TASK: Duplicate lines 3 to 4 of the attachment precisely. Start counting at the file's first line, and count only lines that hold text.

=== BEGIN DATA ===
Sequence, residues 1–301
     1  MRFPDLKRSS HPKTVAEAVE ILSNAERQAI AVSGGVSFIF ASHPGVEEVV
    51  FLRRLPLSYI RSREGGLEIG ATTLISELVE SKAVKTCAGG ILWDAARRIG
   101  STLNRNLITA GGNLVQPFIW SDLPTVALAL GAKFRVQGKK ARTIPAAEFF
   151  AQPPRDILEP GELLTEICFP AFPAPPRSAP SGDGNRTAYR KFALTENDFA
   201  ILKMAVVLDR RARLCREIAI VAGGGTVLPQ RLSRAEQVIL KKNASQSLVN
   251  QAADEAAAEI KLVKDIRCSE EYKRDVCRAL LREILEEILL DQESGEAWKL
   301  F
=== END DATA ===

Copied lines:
    51  FLRRLPLSYI RSREGGLEIG ATTLISELVE SKAVKTCAGG ILWDAARRIG
   101  STLNRNLITA GGNLVQPFIW SDLPTVALAL GAKFRVQGKK ARTIPAAEFF